The iPad is a great device. It’s light, ultra-portable, and you don’t have to take it out of your carry-on for airport security. It’s sleek and sexy. It’s remarkably versatile. Many people wonder: can I replace my Window laptop or MacBook with it? If I add a Bluetooth keyboard, is it a netbook?
You can try, but it’s like trying to get a Corvette to replace a pickup truck: they both serve the same fundamental purpose, but they each excel at different things. You can try to get your pickup up to 180 MPH, and you can try to haul a ton of bricks in your Corvette. With enough effort, “McGyver”-ing, and aftermarket accessories, you could no doubt accomplish each. But is it a good idea? And if you think it through ahead of time, do you really want to?
The longing to replace a laptop with an iPad is easy to understand. An iPad travels well. It’s simple to connect it to a Wi-Fi network, and you don’t have to wait for it to boot up. The battery lasts. When you’re not working, you can use it to play music, movies, or games. It’s a terrific reader for news and e-books. It’s a great email client for Gmail, AOL, and (if your company’s mail system supports it and the corporate policies allow it) Exchange mail, calendar, and contacts using ActiveSync.
But it’s important to remember that the iPad is NOT a laptop or a tablet PC. And, despite being an Apple product, it’s NOT a MacBook. It isn’t built on Windows or Mac OS X – its operating system (iOS) was originally developed for the iPhone. The interface uses multi-touch gestures and an accelerometer, making possible applications that can’t run on a PC or Mac. That also means that applications written for a PC or Mac can’t run on an iPad – unless the author specifically develops a version for iOS. Even then, they would need to publish their application through the Apple App Store (thus sharing their proceeds with Apple) – or you would need to jailbreak your iPad, voiding the warranty.
Importantly, the iPad (like the iPhone and iPod Touch) does NOT support Adobe Flash or Java, meaning that websites that use those technologies won’t behave as designed. Why not? Apple CEO Steve Jobs called the Adobe product insecure, buggy, battery-intensive, and incompatible with a touch interface.
The iPad is better at consuming information than it is at creating it. It’s great for creating and editing smaller emails and documents, but you’ll want a PC to create large or complex documents. Another challenge: once you’ve created or edited the smaller documents, you can email them from the iPad, but only one file per email. To send multiple files, you need to send multiple emails. This can be pretty cumbersome. You’ll note that as you explore the iPad you won’t even encounter the concept of a “file” as you would on a PC or Mac.
To think of the iPad as a replacement for a netbook, notebook, or MacBook is like thinking of the Corvette as a replacement for a Ford F350. Is it fair to call the iPad an overgrown iPhone? No. It’s a terrific multi-function device with some very valuable business purposes in specific situations. Should you expect it to behave like a Windows machine or Mac? You’ll only end up frustrated if you do.
Love the iPad for what it is, and don’t hate it for what it isn’t. And don’t expect your IT consulting company to help you make it do what it’s not designed to do – they can’t fit a ton of bricks in a Corvette, either.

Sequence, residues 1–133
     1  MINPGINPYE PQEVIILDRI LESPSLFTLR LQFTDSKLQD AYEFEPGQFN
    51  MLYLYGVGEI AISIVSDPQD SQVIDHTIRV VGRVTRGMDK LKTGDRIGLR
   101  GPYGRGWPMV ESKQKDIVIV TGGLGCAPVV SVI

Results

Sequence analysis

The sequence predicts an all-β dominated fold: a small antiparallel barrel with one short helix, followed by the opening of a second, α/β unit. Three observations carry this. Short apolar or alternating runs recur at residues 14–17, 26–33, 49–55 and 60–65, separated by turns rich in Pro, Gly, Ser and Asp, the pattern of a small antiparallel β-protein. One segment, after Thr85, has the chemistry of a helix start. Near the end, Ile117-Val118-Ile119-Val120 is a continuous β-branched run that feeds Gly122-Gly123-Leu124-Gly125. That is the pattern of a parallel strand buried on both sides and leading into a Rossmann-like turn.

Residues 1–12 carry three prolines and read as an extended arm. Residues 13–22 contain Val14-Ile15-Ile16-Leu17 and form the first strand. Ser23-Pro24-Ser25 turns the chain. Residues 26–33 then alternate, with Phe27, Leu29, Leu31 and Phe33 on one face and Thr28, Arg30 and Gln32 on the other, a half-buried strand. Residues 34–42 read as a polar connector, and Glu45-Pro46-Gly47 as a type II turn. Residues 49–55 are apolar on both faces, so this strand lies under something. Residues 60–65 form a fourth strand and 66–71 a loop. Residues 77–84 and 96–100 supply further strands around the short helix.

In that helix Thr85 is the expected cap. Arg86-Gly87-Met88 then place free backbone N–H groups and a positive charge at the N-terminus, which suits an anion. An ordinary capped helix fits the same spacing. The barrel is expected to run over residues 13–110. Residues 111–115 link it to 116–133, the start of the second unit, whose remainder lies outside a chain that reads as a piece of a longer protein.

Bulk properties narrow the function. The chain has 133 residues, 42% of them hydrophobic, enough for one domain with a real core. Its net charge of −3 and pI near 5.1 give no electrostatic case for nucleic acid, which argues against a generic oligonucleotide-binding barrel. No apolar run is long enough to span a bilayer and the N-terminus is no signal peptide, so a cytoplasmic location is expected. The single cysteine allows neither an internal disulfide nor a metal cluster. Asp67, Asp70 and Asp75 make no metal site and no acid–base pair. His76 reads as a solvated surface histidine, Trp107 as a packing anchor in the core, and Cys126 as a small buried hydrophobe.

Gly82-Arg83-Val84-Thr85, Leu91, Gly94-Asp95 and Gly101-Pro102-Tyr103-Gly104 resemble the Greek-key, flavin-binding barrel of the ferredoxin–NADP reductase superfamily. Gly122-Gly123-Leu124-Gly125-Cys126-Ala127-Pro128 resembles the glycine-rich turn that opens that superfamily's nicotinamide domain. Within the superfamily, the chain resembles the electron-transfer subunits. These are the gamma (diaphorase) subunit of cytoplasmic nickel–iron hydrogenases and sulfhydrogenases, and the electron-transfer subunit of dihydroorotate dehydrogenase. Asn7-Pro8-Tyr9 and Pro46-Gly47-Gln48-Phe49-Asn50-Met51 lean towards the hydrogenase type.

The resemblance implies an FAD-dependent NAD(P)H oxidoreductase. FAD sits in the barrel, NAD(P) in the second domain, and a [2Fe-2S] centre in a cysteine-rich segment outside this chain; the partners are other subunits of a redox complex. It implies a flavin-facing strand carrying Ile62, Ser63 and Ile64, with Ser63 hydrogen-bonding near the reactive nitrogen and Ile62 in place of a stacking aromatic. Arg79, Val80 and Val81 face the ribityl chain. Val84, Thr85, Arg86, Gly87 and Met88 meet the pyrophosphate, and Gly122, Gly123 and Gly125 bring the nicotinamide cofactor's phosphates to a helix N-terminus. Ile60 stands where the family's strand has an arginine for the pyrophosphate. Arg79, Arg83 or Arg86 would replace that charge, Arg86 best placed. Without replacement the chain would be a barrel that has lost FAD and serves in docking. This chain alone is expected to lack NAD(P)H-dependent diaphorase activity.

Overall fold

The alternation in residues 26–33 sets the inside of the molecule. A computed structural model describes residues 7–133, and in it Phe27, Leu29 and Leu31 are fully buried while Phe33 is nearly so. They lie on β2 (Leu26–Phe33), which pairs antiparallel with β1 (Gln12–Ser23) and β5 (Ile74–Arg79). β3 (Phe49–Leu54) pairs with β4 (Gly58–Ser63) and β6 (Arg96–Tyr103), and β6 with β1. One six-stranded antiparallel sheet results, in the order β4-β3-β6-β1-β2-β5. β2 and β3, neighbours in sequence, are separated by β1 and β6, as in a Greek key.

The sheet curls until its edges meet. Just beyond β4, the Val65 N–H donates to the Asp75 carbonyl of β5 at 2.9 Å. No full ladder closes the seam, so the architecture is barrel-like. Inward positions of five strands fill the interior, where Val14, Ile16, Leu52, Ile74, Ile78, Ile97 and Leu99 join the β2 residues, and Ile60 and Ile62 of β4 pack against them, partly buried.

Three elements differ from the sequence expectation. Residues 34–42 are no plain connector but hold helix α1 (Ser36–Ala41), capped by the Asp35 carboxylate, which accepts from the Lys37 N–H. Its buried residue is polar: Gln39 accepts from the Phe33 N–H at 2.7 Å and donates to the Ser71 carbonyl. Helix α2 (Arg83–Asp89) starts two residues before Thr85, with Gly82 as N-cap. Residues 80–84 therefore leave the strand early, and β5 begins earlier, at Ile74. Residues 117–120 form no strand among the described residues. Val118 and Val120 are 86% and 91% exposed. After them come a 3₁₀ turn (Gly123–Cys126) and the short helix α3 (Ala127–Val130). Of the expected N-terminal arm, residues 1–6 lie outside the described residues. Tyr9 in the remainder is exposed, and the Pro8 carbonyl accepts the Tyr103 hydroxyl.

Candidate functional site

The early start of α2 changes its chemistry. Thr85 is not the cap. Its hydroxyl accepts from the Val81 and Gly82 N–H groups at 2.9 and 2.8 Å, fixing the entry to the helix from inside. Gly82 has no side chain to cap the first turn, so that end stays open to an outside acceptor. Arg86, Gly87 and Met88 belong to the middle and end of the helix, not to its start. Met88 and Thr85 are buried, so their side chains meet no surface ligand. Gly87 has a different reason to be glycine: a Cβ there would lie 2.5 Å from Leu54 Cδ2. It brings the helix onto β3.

So… what CAN the iPad do in a business network environment? In other words, what is reasonable to expect your company’s I.T. team to support?
- Email access. If your company allows remote email access from a smartphone using POP or IMAP protocols, you can do it from your iPad. Note, however, that it’s up to you go get the iPad connected to the Internet on the remote Wi-Fi. If you have a 3G iPad, getting it on the Internet is strictly between you, Apple, and AT&T.
- Calendar/Contact synchronization – if your company has a fairly new Exchange server and the network is configured to allow ActiveSync access. If you have a non-BlackBerry smartphone that wirelessly syncs Calendar/Contacts, your iPad can also.
- Remote Desktop to a Terminal Server – if your company has a Terminal Server. If you have access using Microsoft’s Remote Desktop Connection software for either Windows or Mac, you can have access from your iPad. Be sure to get a good RDP app such as iTap RDP, which makes it easier to operate a Windows desktop from with the iPad’s smaller display, and makes the best use of the iPad’s direct manipulation and multi-touch gestures.
- VPN access. If your company allows VPN connections from other devices, such as an IPSec VPN tunnel to a Cisco firewall or a PPTP connection to a Windows RAS Server, you can have the same connection from your iPad. You might use it to establish a Remote Desktop Connection to your office workstation, if your company’s policies allow this.
Now… what CAN’T you expect your company’s I.T. team to support? Pretty much anything not listed above. At its heart, the iPad is a consumer device, and is probably not included in the list of officially-sanctioned “clients” for your company’s server-based applications. There’s no doubt that the iPad will continue to evolve, and new apps are released every day that enhance its functionality and usefulness. But, as a mobile network device, it presents challenges in terms of data security, bandwidth usage, and compatibility. These translate into significant I.T. support costs, so don’t be too surprised if your company won’t support it.